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guatemala's former president otto perez molina has been in court again after remanded in cust do i corruption allegations. he's being investigate today allegedly taking bribes in a customs scam but denied the charges, the investigate comes days ahead of the elections on sunday. anti-government protests have been going on since prim. let's get more from david mercer who is live for us in guatemala city. it's been a pretty eventful few days for the former president. what went on in court? >> reporter: that's right things have been going on at break neck speed. he was president on tuesday, on wednesday an arrest warrant was issued for him. later that day he put in his resignation. on thursday he was brought before a court for a preliminary
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hearing. last night he spent the night in prison, today he's back this court. he's expected to make his first declaration. now, meanwhile alejandro maldonado has been sworn in as the new president of the country. now, maldonado is a lifelong poll tipping, a manage station in the constitutional court, the highest court in guyed mall a. one of his first requests is for all the cabinet ministers who served under otto perez to submit their resignations, he wants to form a new cabinet. he's trying to restore credibility in the government and says significantly he has called upon guatemalans to pressure political figures in an attempt to bring more transparency to the government here, lauren. >> we mentioned earlier that there have been these frosts for a long time. what are ordinary people saying about the latest developments? >> reporter: well, i want to show you the newspaper headlines in all of the newspapers here in guatemala. the same picture. this is otto perez molina being
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led away from court to prison yesterday. and as you said there has been protests, a lot of jubilation over this court hearing over the resignation of the president. and at the same time, we have lexes coming up in just a few days, 7.5 million guatemalans go to vote for a new president on sunday. for the from -- from the people we have soon speaking to they say none of the candidates have the necessary experience or have not themselves been tainted by allegations of corruption. but people also say that if otto perez molina who once held the highest office in the land, if he can be held to justice, then nobody is above the law. and that, people say, is good news for guatemala. lauren. >> david mercer, thank you very much indeed. an unprecedented number of shark attacks off australia's east coast has reignited a debate over whether culling is the only way it make waters safe for swimmers. the new south wales say government is renewing new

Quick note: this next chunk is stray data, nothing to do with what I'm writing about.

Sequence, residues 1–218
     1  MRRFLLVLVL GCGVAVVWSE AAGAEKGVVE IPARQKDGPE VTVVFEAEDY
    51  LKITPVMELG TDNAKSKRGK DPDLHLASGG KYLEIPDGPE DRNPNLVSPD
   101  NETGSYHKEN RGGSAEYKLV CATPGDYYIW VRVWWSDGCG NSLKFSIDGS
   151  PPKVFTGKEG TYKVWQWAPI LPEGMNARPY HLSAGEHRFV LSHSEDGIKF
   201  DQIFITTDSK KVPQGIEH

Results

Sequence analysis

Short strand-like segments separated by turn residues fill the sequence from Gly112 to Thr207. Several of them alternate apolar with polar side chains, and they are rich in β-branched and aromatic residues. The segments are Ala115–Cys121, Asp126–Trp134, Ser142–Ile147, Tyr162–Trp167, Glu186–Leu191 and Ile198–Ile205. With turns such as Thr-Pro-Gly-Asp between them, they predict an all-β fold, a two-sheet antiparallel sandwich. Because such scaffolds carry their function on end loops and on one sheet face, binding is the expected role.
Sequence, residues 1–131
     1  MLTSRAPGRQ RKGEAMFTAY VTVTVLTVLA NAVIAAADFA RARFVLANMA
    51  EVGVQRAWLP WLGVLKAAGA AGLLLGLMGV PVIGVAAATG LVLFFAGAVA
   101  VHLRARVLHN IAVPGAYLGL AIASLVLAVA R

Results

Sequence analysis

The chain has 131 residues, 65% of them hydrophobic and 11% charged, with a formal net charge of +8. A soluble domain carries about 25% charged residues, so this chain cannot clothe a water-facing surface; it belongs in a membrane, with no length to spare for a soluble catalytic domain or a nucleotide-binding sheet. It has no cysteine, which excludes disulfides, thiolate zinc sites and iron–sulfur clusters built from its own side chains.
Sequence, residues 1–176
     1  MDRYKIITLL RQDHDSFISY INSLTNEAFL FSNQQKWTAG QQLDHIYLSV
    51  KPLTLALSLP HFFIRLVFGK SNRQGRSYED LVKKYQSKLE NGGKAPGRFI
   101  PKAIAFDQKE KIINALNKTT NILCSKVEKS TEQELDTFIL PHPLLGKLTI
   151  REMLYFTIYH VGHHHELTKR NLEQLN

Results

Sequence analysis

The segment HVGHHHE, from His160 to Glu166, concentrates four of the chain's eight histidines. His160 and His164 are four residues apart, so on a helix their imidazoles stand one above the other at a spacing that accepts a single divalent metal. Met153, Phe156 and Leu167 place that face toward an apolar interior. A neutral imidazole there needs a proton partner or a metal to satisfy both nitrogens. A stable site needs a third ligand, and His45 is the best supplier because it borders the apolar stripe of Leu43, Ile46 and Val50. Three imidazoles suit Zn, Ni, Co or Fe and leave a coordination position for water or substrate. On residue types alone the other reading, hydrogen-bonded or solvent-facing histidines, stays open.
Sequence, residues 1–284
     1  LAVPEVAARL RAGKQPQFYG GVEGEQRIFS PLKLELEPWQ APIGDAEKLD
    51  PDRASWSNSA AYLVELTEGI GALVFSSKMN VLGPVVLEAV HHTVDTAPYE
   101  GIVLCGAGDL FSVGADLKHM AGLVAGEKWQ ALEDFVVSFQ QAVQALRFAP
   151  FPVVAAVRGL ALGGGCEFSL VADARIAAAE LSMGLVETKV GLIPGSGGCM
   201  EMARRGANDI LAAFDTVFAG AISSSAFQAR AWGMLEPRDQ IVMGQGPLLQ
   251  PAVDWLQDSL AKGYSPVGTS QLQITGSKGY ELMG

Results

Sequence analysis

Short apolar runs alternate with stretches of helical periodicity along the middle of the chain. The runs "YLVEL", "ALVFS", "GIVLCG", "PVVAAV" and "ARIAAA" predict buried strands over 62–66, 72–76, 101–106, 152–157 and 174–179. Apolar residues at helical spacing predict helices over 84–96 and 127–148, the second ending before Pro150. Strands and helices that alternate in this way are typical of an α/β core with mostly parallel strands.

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control measures after 14 attacks between sydney and brisbane in the last year. in the latest incident a man was knocked off his surf ski by a shark and mauled. andrew thomas reports from australia. >> reporter: on the morning of july the 31st, just 20 meters from shore, former boxer craig was mauled by a great white shark. sat on his surfboard with the shark trying to rip off his leg, he imagine today fight back. >> i went whack, whack, whack, whack, whack. >> reporter: four times. >> and it worked. >> reporter: for 10 seconds you lex unhe was latched on? >> i reckon the whole thing was 10 seconds, yeah. >> reporter: he lost so much blood he almost died. he spent all of august in hospital and full recovery could take years a as foe going back in the water. >> absolutely not. you could pay me $10 million i won't, i won't go until i know it's safe. >> reporter: there is fear along the coast of australia. over the past 12 months a short stretch north of sydney has seen
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14 people attack by sharks, two died. >> life imitating art. it's a little bit lie jaws, there is a lot of fear. i know surfers are rewill you be taps to go in the without early the why so many sharks and attacks this, could be this year's el nino is changing water temperatures, bringing sharks closer to shore. or that heavier rain than normal has washed nutrient nutrients it seize attracting small fish that the sharks feed on. a after a ban maybe more sharks are reaching maturity than before. what can be done to protect swimmers and surfers? along this coast that question has provoked fierce debate. some say nothing. that the roche sen the shark's territory, people have to accept a degree of risk. >> the fact the crowds have come down and getting days where you can just surf with a couple of mates here, that would be unheard of once upon a time. >> reporter: but many want firm action, even a cull through